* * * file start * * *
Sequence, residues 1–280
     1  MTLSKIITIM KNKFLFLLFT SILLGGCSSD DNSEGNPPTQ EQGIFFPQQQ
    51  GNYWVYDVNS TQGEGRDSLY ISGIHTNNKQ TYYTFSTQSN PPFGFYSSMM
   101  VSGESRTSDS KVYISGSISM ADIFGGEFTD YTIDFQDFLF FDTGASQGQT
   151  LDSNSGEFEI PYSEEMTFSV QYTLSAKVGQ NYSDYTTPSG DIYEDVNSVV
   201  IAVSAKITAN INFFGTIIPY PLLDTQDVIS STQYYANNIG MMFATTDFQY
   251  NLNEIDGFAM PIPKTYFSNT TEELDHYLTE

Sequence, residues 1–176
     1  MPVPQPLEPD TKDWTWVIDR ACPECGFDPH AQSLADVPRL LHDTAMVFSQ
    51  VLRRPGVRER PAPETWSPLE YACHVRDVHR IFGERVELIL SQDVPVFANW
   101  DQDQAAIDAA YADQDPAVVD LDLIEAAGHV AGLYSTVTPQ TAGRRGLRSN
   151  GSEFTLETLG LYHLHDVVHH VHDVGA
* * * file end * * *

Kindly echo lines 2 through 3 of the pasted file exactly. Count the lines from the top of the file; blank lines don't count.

     1  MTLSKIITIM KNKFLFLLFT SILLGGCSSD DNSEGNPPTQ EQGIFFPQQQ
    51  GNYWVYDVNS TQGEGRDSLY ISGIHTNNKQ TYYTFSTQSN PPFGFYSSMM